Of all the suburbs of Vienna, Kaiserebersdorf in the 11th district is one of the suburbiest. Located behind the central cemetery and just a couple of kilometers away from the airport, it is home to soulless apartment blocks, uninviting cafes, endless warehouses and greenhouses. Its main sight, the Kaiserebersdorf palace, serves as a prison these days. It takes ages to get to by public transportation, and after mere five minutes, you want to go back as there is absolutely nothing to see or do.
Among all this dullness, Hopfen & Malz looks like an oasis. It’s surprisingly quiet, rather quaint and serves a tasty mixed salad and quite a few types of beer, including a highly drinkable Dunkles. It even has a Brettljause on the menu, which was the main reason for my visit in the first place.
Even without the salad and the two liters of beer, the Brettljause of H&M would have been hard to finish. At a first sight, it looks much smaller than it really is, since the few slices of Speck and cheese shroud this Jause’s main ingredient: the cold Schweinsbraten. It is impossible to notice it on the photo, but there must be half a kilo of Schweinsbraten on the board, and they are seriously good, having a perfect mix of meat and fat and tasting exactly how Schweinsbraten should: cold and fresh, but not too fresh.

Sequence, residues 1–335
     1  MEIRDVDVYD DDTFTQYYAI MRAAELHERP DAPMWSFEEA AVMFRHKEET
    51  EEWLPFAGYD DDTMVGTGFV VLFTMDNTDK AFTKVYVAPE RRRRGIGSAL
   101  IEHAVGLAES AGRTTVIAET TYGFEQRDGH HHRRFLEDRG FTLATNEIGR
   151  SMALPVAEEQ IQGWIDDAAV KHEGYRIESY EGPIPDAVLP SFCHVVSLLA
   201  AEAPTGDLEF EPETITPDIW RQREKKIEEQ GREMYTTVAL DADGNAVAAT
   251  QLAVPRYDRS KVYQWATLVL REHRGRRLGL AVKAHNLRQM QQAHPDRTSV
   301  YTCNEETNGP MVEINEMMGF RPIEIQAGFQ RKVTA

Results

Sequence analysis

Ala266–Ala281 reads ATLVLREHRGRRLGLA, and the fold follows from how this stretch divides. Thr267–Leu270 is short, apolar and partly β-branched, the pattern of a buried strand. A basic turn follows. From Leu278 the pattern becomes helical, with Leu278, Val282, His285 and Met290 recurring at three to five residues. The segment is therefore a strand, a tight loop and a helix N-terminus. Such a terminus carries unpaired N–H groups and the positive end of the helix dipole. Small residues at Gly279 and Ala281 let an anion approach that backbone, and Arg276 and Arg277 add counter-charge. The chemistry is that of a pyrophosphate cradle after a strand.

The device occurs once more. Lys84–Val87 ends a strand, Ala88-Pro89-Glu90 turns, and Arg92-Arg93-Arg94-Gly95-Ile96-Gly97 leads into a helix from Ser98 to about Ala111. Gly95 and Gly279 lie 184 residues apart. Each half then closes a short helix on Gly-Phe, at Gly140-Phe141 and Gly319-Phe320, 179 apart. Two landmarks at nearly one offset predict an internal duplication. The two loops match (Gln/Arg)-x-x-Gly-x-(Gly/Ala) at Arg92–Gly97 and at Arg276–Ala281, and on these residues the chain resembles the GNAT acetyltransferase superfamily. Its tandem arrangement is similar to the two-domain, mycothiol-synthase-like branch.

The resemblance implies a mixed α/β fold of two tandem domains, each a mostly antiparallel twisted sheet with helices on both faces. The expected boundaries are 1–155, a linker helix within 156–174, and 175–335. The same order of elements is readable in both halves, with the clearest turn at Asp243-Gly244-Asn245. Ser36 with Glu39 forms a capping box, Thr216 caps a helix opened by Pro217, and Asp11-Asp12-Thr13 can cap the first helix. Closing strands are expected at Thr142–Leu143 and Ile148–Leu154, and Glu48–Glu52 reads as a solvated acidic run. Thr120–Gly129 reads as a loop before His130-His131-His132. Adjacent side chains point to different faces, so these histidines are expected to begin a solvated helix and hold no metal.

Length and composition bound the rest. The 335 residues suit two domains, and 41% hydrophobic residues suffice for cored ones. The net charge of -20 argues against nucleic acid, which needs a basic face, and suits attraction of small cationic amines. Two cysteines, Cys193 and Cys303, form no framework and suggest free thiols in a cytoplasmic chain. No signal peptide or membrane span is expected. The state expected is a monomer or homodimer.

The other ingredients, including black pudding and Grammelschmalz fade in comparison and feel like side dishes, but quite filling side dishes nevertheless. The Schnapps that comes together with the Brettljause is there for a good reason, and it is a pity that I have managed to spill half of it out of sloppiness. After a dish like this, one really needs the Schnapps to help the digestion, even if only psychologically.
Hopfen & Malz is not going to revolutionize the world of Brettljausen, but it was almost worth spending three-quarters of an hour in a tram to Kaiserebersdorf. Besides, it was the second place ever that served a Brettljause with a whole egg still in its shell, which is a mini-revolution by itself.